Proposed East Park homes to be equipped with fire sprinklers
July 4, 2008 · Updated 12:06 PM
Designed as a traffic calming method, the narrow roads of the proposed East Park residential redevelopment project will do more than slow cars, they will limit Bremerton Fire Departments access.
To ensure the safety of future residents of the yet-undeveloped project, BFD staff have devised an alternative method: Fire sprinklers in every home. With cars parked on both sides of the planned roads, the remaining space will be about 12-13 feet, leaving inadequate space for fire apparatus.
It doesnt work, its a horrible situation, said Bremerton Fire Marshal Scott Rappleye.
Because the minimal space wont allow firefighters to drop their ladders or lay hose close enough to the housing units, the department worked with the city to find what Rappleye calls equivalency.
The law says 20 feet wide and the only way around that is an equivalency, he said. If theyre not going to make the streets wide enough, they have to give us an equivalency.
The plan is for one sprinkler head to be installed in each room of every home in the development at an estimated cost of $800,000-$1 million. Should a fire start in a certain area of the home, only the sprinkler in the area of the fire will activate.
Its not like on TV where everything rains, said Bremerton Deputy Fire Marshal Mike Six. Theyre indoor devices.
BFD will then be notified to ensure the fire is out and to assist with cleanup. Rappleye adds that damage from a fire without sprinklers far exceeds the amount which results from a fire immediately extinguished by overhead sprinklers.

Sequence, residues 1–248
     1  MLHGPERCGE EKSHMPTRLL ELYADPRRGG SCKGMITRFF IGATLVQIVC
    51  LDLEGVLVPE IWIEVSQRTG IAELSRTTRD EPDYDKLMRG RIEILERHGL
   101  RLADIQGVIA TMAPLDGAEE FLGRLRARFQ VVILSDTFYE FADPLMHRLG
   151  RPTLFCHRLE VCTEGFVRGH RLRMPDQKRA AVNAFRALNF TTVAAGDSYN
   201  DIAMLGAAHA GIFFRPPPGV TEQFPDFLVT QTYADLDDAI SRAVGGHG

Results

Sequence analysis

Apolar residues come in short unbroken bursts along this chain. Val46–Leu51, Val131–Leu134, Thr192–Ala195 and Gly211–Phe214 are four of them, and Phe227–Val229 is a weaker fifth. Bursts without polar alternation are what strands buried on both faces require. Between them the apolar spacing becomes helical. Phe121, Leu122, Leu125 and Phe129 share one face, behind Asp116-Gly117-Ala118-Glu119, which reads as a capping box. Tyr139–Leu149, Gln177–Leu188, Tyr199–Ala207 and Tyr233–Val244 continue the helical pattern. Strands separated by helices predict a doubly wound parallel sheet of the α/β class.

With construction expected to begin this summer, the proposed development of East Park contains multiple residential unit types, from small townhome lofts and carriage units to large traditional family homes and condominiums, according to the Bremerton Department of Community Development. The development will be built during the course of the next four years and will consist of six phases.
Although sprinklers are only required in commercial buildings, both Rappleye and Six hold residential sprinklers in high regard.
The heat that it takes to set off a sprinkler is the same as a smoke detector, Six said. People dont think about it.
All people in the fire service not only understand the need, but also the benefits of sprinklers in saving lives, Rappleye added. (Citizens) know sprinklers are there, but if they werent installed during construction theyre not going to go back and install them.
To encourage Bremerton residents to install fire sprinklers in their homes, BFD recently collaborated with the city of Bremerton to revise the ordinance regarding installation of the units. Changes include several cost-saving measures that involve the needed water meter as well as a new flow-through system.
Were bringing costs way down for people interested in putting sprinklers in their homes, Rappleye said. Were proactive in putting safety at the forefront and making it less expensive ... The community determines what level of risk they are willing to accept. Our goal is to save lives and property. Were trying to make that as cost-effective in Bremerton and as easy for citizens without them having to spend an exorbitant amount of money.
According to Rappleye, fire sprinklers significantly reduce fire deaths, improve insurance ratings, reduce costs of fire damage by about 90 percent, generally cost less than $1 per square-foot for the entire system and generally cost less than carpeting.
For more information on fire sprinklers call the Fire Marshals office at (360) 473-5384.